Posts

August 11, 2014

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1:52 PM | White people don’t talk about racism
Here’s what comes up in conversations at my Occupy meetings a lot: systemic racism. Maybe once a week on average, whether we are talking about the criminal justice system, or the court system, or the educational system, or standardized tests, or chronic employment problems, or welfare rhetoric, or homelessness. There are many very well-informed people […]
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1:00 PM | On deck this week
Mon: Discussion with Sander Greenland on posterior predictive checks Tues: Understanding the hot hand, and the myth of the hot hand, and the myth of the myth of the hot hand, and the myth of the myth of the myth of the hot hand, all at the same time Wed: Updike and O’Hara Thurs: Luck […] The post On deck this week appeared first on Statistical Modeling, Causal Inference, and Social Science.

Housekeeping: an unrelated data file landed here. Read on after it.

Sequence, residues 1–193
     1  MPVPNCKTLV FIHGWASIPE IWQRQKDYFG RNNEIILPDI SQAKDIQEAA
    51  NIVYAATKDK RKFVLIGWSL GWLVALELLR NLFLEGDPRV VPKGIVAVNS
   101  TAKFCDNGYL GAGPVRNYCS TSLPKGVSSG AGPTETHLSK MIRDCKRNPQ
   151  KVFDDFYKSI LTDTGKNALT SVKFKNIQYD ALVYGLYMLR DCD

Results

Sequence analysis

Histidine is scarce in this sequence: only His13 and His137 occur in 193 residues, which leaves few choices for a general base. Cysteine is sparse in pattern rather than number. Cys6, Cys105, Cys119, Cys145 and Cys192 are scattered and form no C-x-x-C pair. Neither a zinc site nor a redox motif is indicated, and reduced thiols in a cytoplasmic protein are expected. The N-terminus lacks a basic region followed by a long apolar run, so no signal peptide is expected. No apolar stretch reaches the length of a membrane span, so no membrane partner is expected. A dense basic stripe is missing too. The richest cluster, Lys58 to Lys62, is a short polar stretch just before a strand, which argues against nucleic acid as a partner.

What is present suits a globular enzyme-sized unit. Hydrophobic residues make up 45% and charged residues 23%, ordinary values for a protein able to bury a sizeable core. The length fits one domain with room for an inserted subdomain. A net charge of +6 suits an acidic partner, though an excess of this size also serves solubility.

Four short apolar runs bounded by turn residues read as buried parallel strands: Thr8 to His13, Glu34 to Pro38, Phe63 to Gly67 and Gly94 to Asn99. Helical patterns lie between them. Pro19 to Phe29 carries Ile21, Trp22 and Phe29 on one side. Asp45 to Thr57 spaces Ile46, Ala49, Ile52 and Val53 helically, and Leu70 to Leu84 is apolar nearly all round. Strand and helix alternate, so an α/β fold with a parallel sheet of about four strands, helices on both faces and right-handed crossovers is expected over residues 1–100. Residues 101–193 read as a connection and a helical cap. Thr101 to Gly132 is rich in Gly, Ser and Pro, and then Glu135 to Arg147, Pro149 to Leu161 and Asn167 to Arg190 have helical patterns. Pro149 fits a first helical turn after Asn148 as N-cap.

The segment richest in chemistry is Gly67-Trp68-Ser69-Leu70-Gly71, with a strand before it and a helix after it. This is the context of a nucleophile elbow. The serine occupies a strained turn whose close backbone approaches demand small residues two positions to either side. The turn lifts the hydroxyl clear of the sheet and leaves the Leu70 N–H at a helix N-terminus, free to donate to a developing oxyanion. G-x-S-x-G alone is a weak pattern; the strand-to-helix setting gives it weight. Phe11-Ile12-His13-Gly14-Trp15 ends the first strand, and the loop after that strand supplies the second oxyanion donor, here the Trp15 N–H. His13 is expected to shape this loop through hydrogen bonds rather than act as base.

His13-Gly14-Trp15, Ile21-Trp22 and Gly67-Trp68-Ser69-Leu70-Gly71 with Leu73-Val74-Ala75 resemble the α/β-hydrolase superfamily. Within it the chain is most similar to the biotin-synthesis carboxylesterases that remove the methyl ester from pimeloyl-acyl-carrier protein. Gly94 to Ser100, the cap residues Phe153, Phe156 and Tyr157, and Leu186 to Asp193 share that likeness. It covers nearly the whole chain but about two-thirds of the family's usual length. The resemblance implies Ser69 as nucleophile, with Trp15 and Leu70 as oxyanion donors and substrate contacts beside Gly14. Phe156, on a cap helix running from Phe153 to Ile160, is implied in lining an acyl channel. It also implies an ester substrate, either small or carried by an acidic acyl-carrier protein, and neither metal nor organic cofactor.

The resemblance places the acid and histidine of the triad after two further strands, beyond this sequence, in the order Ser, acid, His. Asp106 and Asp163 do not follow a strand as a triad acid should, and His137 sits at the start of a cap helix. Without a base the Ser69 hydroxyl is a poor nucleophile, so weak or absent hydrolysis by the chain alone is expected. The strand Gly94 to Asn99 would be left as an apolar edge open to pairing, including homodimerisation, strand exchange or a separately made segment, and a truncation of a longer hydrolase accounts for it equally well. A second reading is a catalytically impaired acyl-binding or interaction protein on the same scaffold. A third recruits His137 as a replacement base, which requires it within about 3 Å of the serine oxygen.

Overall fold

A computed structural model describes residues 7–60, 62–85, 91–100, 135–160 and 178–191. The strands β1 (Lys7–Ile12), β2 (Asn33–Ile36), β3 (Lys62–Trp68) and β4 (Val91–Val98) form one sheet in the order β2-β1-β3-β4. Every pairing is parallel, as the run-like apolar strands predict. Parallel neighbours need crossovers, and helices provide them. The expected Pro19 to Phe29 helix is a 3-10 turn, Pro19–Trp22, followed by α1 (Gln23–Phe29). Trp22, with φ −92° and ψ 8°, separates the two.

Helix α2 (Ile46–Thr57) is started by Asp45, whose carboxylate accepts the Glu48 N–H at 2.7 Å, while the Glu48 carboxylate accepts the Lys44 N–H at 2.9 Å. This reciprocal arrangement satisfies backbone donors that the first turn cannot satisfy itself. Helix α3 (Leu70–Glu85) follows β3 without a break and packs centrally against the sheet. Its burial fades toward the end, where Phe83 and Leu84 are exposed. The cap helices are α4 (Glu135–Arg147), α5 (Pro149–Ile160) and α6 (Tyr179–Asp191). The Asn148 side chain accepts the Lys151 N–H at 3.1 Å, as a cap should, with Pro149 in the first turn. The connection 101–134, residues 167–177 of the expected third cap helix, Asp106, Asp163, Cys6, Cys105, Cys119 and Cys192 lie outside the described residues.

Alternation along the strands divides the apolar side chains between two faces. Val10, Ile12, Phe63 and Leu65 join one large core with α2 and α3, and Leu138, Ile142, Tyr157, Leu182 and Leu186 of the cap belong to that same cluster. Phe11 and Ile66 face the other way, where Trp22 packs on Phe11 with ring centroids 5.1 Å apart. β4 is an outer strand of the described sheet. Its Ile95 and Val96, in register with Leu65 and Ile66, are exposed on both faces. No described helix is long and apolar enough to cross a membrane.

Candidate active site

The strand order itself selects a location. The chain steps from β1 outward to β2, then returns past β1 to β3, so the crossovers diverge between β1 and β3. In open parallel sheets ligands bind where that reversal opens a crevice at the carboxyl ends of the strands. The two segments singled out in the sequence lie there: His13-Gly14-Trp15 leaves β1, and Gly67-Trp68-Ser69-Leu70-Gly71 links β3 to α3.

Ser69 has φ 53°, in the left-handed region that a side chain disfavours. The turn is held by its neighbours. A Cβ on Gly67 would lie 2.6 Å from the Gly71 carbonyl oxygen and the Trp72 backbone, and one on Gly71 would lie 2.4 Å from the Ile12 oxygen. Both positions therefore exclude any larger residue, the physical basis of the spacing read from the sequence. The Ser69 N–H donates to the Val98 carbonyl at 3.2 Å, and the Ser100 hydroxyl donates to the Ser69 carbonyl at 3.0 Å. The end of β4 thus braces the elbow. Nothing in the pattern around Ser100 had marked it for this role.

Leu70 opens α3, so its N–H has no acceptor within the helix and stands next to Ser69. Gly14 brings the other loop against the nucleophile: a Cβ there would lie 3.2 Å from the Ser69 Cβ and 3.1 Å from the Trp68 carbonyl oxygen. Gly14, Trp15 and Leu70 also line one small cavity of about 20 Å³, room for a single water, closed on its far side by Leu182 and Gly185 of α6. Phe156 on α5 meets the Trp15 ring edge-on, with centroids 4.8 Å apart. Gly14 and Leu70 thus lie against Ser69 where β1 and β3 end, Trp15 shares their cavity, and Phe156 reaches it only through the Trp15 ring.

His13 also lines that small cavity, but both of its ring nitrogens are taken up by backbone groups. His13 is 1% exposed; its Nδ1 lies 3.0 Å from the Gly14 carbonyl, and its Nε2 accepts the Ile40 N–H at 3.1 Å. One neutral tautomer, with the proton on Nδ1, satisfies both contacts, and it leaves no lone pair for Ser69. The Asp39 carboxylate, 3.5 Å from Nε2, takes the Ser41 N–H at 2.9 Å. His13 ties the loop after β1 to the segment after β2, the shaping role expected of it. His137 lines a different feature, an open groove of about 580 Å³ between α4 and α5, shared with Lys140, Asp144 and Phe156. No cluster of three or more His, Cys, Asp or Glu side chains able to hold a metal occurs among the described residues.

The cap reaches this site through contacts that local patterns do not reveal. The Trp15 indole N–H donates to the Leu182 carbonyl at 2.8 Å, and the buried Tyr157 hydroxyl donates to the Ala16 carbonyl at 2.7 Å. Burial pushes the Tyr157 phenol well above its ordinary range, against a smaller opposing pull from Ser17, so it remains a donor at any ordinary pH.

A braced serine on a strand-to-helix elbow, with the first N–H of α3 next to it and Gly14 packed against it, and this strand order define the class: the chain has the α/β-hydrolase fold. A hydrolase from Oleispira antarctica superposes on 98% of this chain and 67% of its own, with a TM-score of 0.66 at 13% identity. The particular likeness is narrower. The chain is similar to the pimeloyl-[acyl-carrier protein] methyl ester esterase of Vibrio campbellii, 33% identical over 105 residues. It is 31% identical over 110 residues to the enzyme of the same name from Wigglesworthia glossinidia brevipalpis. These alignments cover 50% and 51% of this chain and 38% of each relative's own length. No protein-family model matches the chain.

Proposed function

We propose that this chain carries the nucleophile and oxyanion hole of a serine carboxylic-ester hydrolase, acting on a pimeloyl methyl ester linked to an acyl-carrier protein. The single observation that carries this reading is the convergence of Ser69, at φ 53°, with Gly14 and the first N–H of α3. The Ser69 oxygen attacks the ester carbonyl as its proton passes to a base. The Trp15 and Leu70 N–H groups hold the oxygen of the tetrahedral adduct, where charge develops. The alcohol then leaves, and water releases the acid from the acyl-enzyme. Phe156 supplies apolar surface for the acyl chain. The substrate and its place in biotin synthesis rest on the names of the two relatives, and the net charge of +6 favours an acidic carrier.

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11:06 AM | Open source dissertation
Three cheers for Brent Yorgey! He’s finishing up his dissertation, and he’s posting drafts online, including a GitHub repo of the source. Cheer 1: He’s not being secretive, fearing that someone will scoop his results. There have been a few instances of one academic scooping another’s research, but these are rare and probably not worth […]
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8:34 AM | Third Christopher Zeeman Medal to go to Marcus du Sautoy
The Christopher Zeeman Medal for the Promotion of Mathematics to the Public for 2014 has been awarded to Professor Marcus du Sautoy of the University of Oxford. The Christopher Zeeman Medal is awarded jointly by the Institute of Mathematics and its Applications (IMA) and the London Mathematical Society (LMS) and is described on the IMA... Read more »
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4:13 AM | Jun Ren, Freezing Water #7, Vanier Park
I just returned from a short vacation in Vancouver (unrelated to SIGGRAPH, also happening there now) and took a few snapshots, mostly of boats or totem poles. Another batch of photos from MOA, also with many totem poles, is still to come. But here's one that has neither:Obviously, I don't understand the rules of photographic composition. By any rational standard, the tree should not be at the center. It's not the subject, it attracts too much attention to itself there, and centering typically […]